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[209] Traces of a reading ‘voltus’ are found in fragm. Vat., Gud., and another of Ribbeck's cursives; but the corruption is easily accounted for: see on v. 174 above. The balance of the sentence requires that too much stress should not be laid on ‘premit,’ which will mean not ‘represses,’ but simply ‘holds concealed.’ In 4. 332 the word has more force. ‘Altum corde dolorem’ is much the same as “alto corde.” “Spem fronte serenat” 4. 477.

[210] Praedae dapibusque futuris, the game which is to be their banquet.

[211] Deripiunt, though found but in one MS., is rightly preferred by Heyne and Wagn. after Heins. to ‘diripiunt.’ Comp. 4. 593, G. 2. 8, notes. On such a question MS. testimony is nearly worthless: see on 6. 734. ‘Viscera,’ not only the intestines, but whatever is beneath the skin, the flesh. Serv. The passage is partly imitated from Il. 1. 459 foll.

[212] Secant, sc. ‘viscera.’ Henry seems right in saying ‘veribus figunt’ is ‘pierce with,’ not ‘stick on, spits.’ ‘Trementia,’ as Wund. remarks, shows their eagerness.

[213] There is a doubt about the purpose of the ‘aena.’ Boiled meat was unknown to the Homeric age; but Virg. may have introduced the habit of his own time; and such seems to be the interpretation of Val. Fl. in his imitation 8. 254, where the caldron is skimmed. But, as Henry observes, the other view, that water was heated for bathing before the meal, is strongly supported by a passage in Apoll. R. 3. 271 foll., which Virg. probably had in his mind. “τοὶ μὲν μέγαν ἀμφεπένοντο
Ταῦρον ἅλις δμῶες: τοὶ δὲ ξύλα κάγκανα χαλκῷ
Κόπτον: τοὶ δὲ λοετρὰ πυρὶ ζέον.
. . . . . . . . . . . . .
Δμῶες δ᾽ ὁππότε δή σφιν ἐπαρτέα θῆκαν ἐδωδήν,
Αὐτοί τε λιαροῖσιν ἐφαιδρύναντο λοετροῖς κ.τ.λ.

[214] Fusi, ‘stretched,’ not ‘scattered,’ as Henry observes. Comp. “fususque per herbam,G. 2. 527.

[215] Inplentur is middle, ‘fill themselves.’ Elsewhere in Virg. it is found with an abl., not with a gen. One MS. here actually adds ‘munere,’ as a hemistich. No use of ‘ferina,’ i. q. “ferina caro,” is quoted before Virg.; but he is not likely to have invented it. Comp. “agnina,” “bubula,” “vitulina,” all occurring Plaut. Aul. 2. 8. 4.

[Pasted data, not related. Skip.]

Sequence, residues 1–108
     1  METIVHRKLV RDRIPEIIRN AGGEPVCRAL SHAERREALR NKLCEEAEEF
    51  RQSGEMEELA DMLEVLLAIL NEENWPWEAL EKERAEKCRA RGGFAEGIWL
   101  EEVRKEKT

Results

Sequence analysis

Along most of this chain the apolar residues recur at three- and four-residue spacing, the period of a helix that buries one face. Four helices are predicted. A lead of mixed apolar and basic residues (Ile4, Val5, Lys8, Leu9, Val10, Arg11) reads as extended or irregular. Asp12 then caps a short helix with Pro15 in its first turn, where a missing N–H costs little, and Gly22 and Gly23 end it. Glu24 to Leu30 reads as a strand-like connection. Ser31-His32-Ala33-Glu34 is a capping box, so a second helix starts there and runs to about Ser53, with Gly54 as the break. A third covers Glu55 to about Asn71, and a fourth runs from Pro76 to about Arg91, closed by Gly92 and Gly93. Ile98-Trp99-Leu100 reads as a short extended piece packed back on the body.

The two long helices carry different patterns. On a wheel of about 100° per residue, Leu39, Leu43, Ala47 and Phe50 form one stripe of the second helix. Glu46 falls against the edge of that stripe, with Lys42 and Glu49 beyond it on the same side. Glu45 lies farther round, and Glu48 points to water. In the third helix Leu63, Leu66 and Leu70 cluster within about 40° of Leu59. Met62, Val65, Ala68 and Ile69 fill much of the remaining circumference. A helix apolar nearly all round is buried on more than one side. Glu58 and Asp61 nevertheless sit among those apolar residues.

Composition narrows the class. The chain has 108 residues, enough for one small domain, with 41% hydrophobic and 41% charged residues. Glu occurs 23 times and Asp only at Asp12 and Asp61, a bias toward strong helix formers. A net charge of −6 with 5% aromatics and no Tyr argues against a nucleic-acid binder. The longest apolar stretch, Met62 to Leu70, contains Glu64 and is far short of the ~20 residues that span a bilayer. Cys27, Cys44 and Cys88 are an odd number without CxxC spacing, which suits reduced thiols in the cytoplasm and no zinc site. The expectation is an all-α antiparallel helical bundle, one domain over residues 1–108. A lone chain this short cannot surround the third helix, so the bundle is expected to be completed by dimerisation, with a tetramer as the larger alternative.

[216] Αὐτὰρ ἐπεὶ πόσιος καὶ ἐδητύος ἐξ ἔρον ἕντο, Μνησάμενοι δὴ ἔπειτα φίλους ἔκλαιον ἑταίρους, Od. 12. 309, 310. ‘Postquam exempta fames’ occurs 8. 184, ‘mensaeque remotae’ below, v. 723. ‘Epulis’ here is an instrum. abl. ‘Mensae remotae’ is not appropriate to this occasion, but is the general phrase for concluding a meal, derived from the Roman practice of removing the ‘mensae’ (Dict. A. ‘mensa’).

[217] Requirunt, they utter their regret for their companions. “In quo equidem maiorum nostrorum saepe requiro prudentiam,” Cic. Parad. 1. 1. 7.

[218] Comp. Aesch. Ag. 667 foll., which Virg. perhaps imitated. With ‘seu’ after ‘dubii’ Wagn. comp. 2. 739, “seu lassa resedit, Incertum.” Serv. says that some separated ‘spemque metumque inter’ from ‘dubii.

[219] It is not necessary to limit the meaning of ‘extrema’ actually to the crisis of death, (which would seem to be the sense of the phrase ‘extrema pati’ in Tac. H. 4. 54, “famem, ferrum et extrema pati,”) as in that case “passos esse” would be required here. The expression rather implies death as a continuing state: ‘to be lost.’—‘Nec iam exaudire vocatos.’ Wund. distinguishes between the “conclamatio” which took place at the moment of death, and the “inclamatio” or “acclamatio” which took place after the burial, and of which we have instances 3. 68., 6. 231, 506; and he thinks that the first is referred to here, on the ground that the Manes were supposed to hear the “inclamatio.” Henry may be right in going farther, and supposing the words to mean that the “conclamatio,” which, as he observes, was originally a means of ascertaining whether a person was really dead, actually takes place.

[220] Wagn. retains the comma after ‘Aeneas;’ but there is no reason to separate ‘Aeneas’ and ‘gemit,’ though in 6, 176 “Praecipue pius Aeneas” refers to what had preceded. ‘Oronti,’ the quasiGreek gen., as “Oronten” v. 113 is the Greek acc. ‘Oronti’ is supported here by fragm. Vat., Med., the second reading of Rom. and Gud., Serv., Charisius, and Priscian; but the first reading of Rom. and one or two grammarians have ‘Orontis.’

[221] Secum may imply that while taking part in the general sorrow he indulged his own special griefs, as Achilles weeps for his father and Patroclus while Priam is weeping for Hector, Il. 24. 509 foll.

[222] Weidner remarks well, that ‘fortemque Gyan, fortemque Cloanthum’ serve to represent the monotony of the lamentation, “O fortis Gya, O fortis Cloanthe.

[223-253] ‘Jupiter is surveying the scene in Africa, when Venus addresses him, reminding him of his promise of empire to her Trojans, and contrasting their present sufferings with the success of a Trojan migration under Antenor.’

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